Civilization VI review

by on November 21, 2019
Reviewed On
Release Date

November 22, 2019


Building an empire and watching it thrive over thousands of years isn’t your everyday thing, but thanks to the fantastic Civilization VI, you can construct a world and lead it into a future filled with great opportunities, all from the comfort of your sofa. It’s been over 10 years since a Civilization game has graced a PlayStation or Xbox console. It’s been missed, that’s for sure, and I can confirm that you will not be disappointed in the slightest with this newest iteration. Putting such a detailed strategy game onto console is often a case of overhauling the controls and making sure that the UI works, and you’re able to switch between different menus with relevant ease.

Thankfully, the UI has been adapted really well. Using L1 brings up the Technology and Civic Trees, along with things like the government options, and R1 allows you to look at your Leader ranking along with where you stand against the AI controlled leaders. The map options are altered by pressing Triangle, and skipping turns is activated by pressing Square. Selecting your warriors, builders, traders, or scouts is easy, too, and along with these groups you can select the city and go through the various options by pressing Cross.

Civilization VI also comes with The Gathering Storm and Rise and Fall DLC, and they’re both fantastic improvements to the game, making your playthroughs even better than before. Rise and Fall pushes you to maintain your people’s loyalty. If you can’t keep them loyal, they may rebel and form a free city. Heading into a Dark Age is pretty disheartening, but you’re given ways to rise up and find a way out of it. As for The Gathering Storm, it adds a completely new level of gameplay that means not only are you trying to win via the different victories, you’re trying to survive adverse weather conditions like tornadoes and droughts.

You can also take advantage of global fissures providing you have the technology to harness the improvements they possess to your cities. If you plonk a city down near a volcano, it has the potential to erupt and cause great damage to everything you’ve spent time trying to build. These natural disasters can also provide benefits, but it’s not until they actually happen that you get to see how. It provides a great risk that makes you think differently about where you build your empire, and with a real issue of climate change reflecting real-world problems, the World Congress mechanic feels rather close to home.

If you’ve played through the expansion bundle but you still want to play it on console, there really isn’t a great deal of difference in how the game plays, but it looks incredible, from the colourful and cartoonish world leaders to the maps. Your empire looks incredibly detailed, which helps you distinguish where everything is built. The music is stellar as well, featuring a soundtrack that inspires your every decision. Sean Bean’s soothing Sheffield accent also makes each improvement you make or location you uncover extra special because he’s a legend, and who doesn’t want Ned Stark slash Boromir narrating everything you do?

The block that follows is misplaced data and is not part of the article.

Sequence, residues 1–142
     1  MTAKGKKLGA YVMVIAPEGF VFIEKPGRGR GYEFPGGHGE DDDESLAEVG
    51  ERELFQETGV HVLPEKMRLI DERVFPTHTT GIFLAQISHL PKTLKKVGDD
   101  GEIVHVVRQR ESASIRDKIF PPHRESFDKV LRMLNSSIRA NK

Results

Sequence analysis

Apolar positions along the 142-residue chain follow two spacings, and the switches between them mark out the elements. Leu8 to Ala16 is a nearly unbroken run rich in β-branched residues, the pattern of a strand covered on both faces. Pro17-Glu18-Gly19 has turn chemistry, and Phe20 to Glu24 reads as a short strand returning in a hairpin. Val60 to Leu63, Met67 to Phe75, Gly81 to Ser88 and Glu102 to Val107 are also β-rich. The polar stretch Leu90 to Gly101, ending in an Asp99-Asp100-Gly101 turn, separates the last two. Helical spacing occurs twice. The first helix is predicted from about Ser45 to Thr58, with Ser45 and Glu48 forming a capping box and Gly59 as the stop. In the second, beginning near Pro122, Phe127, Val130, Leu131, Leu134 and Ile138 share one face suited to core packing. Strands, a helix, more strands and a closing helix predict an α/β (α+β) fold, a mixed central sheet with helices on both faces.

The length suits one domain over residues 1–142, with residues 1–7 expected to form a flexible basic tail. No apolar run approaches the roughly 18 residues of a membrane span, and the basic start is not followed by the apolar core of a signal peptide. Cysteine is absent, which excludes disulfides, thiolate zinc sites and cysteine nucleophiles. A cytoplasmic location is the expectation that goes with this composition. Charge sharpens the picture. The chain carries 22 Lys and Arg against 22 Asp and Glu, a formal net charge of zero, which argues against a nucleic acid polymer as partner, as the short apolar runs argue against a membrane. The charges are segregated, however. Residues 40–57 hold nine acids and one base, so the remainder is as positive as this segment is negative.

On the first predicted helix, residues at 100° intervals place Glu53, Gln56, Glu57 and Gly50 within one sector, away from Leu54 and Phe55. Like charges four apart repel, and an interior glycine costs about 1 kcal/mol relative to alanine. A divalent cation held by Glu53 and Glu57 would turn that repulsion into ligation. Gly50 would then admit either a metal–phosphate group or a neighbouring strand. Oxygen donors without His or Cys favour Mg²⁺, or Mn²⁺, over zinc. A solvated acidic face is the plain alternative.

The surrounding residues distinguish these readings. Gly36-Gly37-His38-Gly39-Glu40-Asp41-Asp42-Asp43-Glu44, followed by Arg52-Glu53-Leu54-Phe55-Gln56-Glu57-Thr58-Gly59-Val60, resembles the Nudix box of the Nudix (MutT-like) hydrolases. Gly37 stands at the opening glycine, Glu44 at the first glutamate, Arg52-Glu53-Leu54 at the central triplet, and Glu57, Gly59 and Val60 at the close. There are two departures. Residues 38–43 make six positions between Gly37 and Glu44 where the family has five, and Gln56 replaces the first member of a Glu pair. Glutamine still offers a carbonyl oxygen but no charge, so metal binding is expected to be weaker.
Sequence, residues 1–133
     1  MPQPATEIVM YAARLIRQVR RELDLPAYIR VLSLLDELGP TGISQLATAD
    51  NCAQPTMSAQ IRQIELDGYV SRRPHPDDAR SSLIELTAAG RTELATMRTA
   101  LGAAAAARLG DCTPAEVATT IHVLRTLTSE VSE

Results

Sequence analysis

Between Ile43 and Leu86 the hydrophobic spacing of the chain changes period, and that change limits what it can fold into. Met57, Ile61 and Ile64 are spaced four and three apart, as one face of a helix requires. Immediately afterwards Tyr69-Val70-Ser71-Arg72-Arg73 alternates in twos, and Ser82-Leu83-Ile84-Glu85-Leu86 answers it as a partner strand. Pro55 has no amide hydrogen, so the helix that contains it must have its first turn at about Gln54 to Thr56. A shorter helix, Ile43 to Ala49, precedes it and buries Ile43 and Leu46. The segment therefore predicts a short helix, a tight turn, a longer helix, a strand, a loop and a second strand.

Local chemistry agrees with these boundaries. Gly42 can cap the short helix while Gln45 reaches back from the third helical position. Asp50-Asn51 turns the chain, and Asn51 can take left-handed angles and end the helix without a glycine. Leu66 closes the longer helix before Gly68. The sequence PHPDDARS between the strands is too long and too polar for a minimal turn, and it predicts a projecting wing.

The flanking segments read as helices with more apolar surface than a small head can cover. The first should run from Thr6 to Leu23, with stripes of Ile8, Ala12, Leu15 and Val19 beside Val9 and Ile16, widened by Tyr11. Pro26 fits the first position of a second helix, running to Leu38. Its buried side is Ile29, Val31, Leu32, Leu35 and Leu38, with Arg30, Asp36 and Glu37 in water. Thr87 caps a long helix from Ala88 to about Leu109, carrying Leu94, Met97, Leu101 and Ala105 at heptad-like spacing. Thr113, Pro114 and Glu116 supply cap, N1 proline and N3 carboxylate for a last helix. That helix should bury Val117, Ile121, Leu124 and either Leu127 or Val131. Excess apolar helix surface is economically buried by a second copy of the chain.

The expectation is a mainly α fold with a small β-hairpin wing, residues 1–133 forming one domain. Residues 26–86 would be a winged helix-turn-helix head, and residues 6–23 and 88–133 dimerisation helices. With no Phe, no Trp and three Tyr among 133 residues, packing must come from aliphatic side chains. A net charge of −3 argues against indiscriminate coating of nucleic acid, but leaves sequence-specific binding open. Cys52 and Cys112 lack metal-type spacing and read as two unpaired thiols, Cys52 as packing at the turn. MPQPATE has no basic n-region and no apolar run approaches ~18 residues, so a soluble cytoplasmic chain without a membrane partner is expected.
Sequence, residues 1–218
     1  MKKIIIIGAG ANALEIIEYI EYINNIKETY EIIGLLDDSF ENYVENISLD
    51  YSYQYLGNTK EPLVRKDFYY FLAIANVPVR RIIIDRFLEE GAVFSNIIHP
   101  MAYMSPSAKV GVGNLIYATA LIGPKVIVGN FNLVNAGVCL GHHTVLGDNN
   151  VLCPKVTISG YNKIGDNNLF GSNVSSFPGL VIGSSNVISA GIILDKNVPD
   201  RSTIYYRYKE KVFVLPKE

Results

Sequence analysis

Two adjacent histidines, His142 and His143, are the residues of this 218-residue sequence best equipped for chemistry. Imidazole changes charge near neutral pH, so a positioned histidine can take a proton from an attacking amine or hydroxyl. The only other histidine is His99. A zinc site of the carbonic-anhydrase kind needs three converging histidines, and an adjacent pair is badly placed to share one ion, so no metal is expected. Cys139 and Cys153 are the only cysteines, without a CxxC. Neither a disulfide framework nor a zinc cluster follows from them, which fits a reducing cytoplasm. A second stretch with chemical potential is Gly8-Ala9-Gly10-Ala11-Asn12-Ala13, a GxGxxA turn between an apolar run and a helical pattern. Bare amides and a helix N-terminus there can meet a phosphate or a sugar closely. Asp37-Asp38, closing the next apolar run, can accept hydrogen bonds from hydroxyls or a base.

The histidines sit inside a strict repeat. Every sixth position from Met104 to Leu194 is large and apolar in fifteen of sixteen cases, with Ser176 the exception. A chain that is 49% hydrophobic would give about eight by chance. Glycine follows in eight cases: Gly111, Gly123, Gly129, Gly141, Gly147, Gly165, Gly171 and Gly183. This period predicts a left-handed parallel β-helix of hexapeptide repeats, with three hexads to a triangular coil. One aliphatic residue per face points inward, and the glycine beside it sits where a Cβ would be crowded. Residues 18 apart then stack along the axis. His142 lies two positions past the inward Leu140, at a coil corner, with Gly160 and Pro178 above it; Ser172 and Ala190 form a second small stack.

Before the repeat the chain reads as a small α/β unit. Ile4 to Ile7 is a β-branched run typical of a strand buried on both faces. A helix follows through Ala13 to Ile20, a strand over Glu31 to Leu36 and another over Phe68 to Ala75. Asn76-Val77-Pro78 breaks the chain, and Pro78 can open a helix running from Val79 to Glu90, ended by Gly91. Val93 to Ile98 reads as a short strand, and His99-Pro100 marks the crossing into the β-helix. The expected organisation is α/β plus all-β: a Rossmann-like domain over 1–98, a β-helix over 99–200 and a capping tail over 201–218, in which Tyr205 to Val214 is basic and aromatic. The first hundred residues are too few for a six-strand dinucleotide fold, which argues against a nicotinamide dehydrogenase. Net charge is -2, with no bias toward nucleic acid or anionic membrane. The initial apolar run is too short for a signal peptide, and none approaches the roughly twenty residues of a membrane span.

It’s been a while since I’ve played the original Civilization VI, but it’s amazing how quickly I became obsessed with the natural flow of things again. If you’re new to the series, then there is a lot to take in. It’ll take you a good four or five attempts to find your rhythm, but when you reach the point when you know what type of victory you’re aiming for and how you plan to achieve it, there’re so many ways to play that the replayability is off the charts. I went into it thinking I’d slot right back into it, but it took a while for me to learn what I wanted to do.

I chose Tomyris of Scythia for the Domination victory, and for a while I was smashing Barbarians to pieces, along with nearby City-States, but I’d not got a lot of land close by and the sea cost me dearly in the long run. I was too quick to try to dominate the capitals and got wrecked in the process. Instead, I went for the Science victory with much more success (God bless you, Peter the Great). It’s addictive and a lot of fun, but perseverance is key if you want to get the most out of it.

Civilization VI plays really well on console, and with the release on PS4 and Xbox One, the UI has been adapted to switch between menus, move around the map, and make your selections regarding what to produce with relative ease. If you’re new to Civ 6 and want to get involved, this is a great place to start, but be prepared to spend a lot of time learning the intricacies and nuances of each leader and option the game offers.


UI works really well
Controls make it easy to move around
Still the same amazing game


Newcomers will be overwhelmed

Editor Rating
Our Score


In Short

Civilization VI is a fantastic strategy game, and having it on consoles will allow plenty of newcomers the chance to experience it for the first time.